When it comes to finding the best cycling and e-bike tech then CES 2023 is the place to be, with some real highlights on show this year. Aside from the best electric scooters, the best electric bikes are also the best way to get around Las Vegas, given the traffic congestion while the annual tech-fest is running.
Heybike Tyson: Our top pick
One of the best folding electric bike examples at the show for us is the brand-new Heybike Tyson, coming in March this year. This chunky-looking two-wheeler packs super cool vibes and features a one-piece, magnesium alloy frame. Better still, the Heybike Tyson is fully foldable, meaning the e-bike is tailor-made for people who are short on space.
The beefy tire and wheel combination makes the Tyson perfect for stowing in the trunk of your car and hitting dirt trails at weekends. Equally though, there’s a 750W hub motor powered by a 48V/15Ah, 720Wh battery, which makes it perfect for school runs if you’d rather leave the car at home.
Heybike reckons this newcomer to its range will be good for up to 55 miles on a charge, with 48V charging allowing you to re-juice the battery in around 4 or 5 hours. The Tyson can reach a class 3 top speed of 28mph, which is pretty respectable given the 77lb/35kg weight of the e-bike.
Adding to the appeal is front and rear hydraulic suspension, 7-speed Shimano gearing along with app-enabled Bluetooth and 4G functionality. This means owners can also monitor their bike’s location while the 4G really comes into its own if you use it for GPS navigation when you’re out in the sticks. The Heybike Tyson has got to be our pick of the e-bike new arrivals at CES 2023 and will be available from March.
Best of the rest
Another e-bike brand that grabbed our attention was VTA, which also deals in electric scooters, mopeds, and three-wheelers. This classic-style and very hipster-inspired e-bike is a bit of a head-turner, although looks made more for posing than for any major mileage. A hub motor and disc brakes take care of the starting and stopping bits all the same.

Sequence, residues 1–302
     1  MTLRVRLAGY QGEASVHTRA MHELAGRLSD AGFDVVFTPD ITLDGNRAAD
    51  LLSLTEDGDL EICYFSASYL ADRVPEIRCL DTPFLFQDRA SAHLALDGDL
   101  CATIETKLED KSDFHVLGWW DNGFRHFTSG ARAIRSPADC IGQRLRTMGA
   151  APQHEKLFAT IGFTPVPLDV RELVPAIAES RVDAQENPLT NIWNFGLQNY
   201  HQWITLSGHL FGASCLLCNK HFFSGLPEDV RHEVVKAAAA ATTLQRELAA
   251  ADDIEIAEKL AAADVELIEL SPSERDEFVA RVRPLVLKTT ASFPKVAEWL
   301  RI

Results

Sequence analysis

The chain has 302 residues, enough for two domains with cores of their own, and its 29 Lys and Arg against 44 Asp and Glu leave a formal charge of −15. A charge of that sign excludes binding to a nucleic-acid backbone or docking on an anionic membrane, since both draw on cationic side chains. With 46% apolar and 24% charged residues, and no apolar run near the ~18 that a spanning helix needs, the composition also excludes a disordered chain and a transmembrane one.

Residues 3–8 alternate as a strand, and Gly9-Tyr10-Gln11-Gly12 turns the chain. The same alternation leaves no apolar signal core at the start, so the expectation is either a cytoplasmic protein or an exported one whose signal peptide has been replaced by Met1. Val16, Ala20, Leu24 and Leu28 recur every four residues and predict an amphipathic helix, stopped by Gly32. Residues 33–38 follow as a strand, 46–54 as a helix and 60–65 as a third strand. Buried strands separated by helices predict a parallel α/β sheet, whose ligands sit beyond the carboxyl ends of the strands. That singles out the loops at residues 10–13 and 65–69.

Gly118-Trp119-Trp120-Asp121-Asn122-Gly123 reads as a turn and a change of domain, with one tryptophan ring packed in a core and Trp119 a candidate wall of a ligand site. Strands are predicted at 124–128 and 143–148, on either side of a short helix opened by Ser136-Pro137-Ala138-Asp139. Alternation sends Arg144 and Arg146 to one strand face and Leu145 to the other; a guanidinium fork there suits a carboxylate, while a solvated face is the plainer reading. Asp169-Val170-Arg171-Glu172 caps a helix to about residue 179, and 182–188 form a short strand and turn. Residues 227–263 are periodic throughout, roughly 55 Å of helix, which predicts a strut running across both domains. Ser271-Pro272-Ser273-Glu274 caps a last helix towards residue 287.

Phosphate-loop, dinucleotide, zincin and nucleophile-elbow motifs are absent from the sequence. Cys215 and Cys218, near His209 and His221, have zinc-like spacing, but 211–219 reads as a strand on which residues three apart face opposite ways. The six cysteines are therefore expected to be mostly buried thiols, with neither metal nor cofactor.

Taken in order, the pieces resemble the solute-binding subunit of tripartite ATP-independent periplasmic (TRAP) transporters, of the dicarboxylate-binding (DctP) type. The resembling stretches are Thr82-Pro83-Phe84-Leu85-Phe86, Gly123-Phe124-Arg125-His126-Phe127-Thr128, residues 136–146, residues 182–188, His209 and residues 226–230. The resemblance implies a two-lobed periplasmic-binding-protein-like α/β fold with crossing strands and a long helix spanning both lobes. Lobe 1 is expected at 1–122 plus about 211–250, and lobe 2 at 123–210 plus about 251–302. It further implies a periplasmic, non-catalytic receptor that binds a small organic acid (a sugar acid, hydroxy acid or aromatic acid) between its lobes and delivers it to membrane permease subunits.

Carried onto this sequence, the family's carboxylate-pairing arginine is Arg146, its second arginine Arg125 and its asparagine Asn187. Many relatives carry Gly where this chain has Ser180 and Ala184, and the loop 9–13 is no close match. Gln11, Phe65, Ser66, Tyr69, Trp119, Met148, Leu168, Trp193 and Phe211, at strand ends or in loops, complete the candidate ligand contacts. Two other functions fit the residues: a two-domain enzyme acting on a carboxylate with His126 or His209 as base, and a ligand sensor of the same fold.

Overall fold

What to do if you’re not on something quite as visually striking, and you don't want to be knocked off your bike though? There's an innovation at CES for that too. C-V2X, or "cellular vehicle-to-everything technology", uses a clever on-bike box the size of a smartphone, which carries a 5.9Ghz radio inside that starts at just $299 if you want to retrofit it to an older bike.
If you're out on your bike and have one of these fitted, the box sends an automatic warning to drivers that there’s a cyclist in the vicinity. The one that comes complete with a rear light and camera setup has to be our pick, although it seems that talks are in place with several bike brands to make the device an integral part of bike purchasing in the future.
It was one of the products being exhibited at the Qualcomm Snapdragon booth and could provide cyclists with peace of mind.
The idea is brilliant in that it can issue warnings to drivers by covering a 360-degree field of coverage, meaning that alerts can cover all sorts of vehicle blind spots. This is especially useful for trucks but is just as practical for all car drivers who might not see you when you’re out on your two-wheeler.
There’s huge potential in this kind of tech and not just for protecting cyclists either. In fact, there are all sorts of possible usage scenarios including school and work zones where road users can be at more risk of being hit by vehicles. It seems like a very sensible way to go. Expect to see a lot more of C-V2X and how it can be used to make us safer in the not-too-distant future.
Of course, this being CES, not everything at the show follows that sensible theme. For example, the Icoma Tatamel is a folding electric bike that collapses to about the size of a suitcase. Its Japanese designers have made the bike pretty practical from a power standpoint, as the on-board battery pack can also be called upon to recharge devices via USB.
The tiny little electric bike has an integrated hub motor that provides a top speed of 25mph. Whether or not you’d want to go that fast on it remains to be seen, given that there are dinky 10-inch wheels and a less-than-accommodating saddle. It’s neat though and could work really well on the crazy streets of Tokyo.
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Rob Clymo has been a tech journalist for more years than he can actually remember, having started out in the wacky world of print magazines before discovering the power of the internet. Since he's been all-digital he has run the Innovation channel during a few years at Microsoft as well as turning out regular news, reviews, features and other content for the likes of TechRadar, TechRadar Pro, Tom's Guide, Fit&Well, Gizmodo, Shortlist, Automotive Interiors World, Automotive Testing Technology International, Future of Transportation and Electric & Hybrid Vehicle Technology International. In the rare moments he's not working he's usually out and about on one of numerous e-bikes in his collection.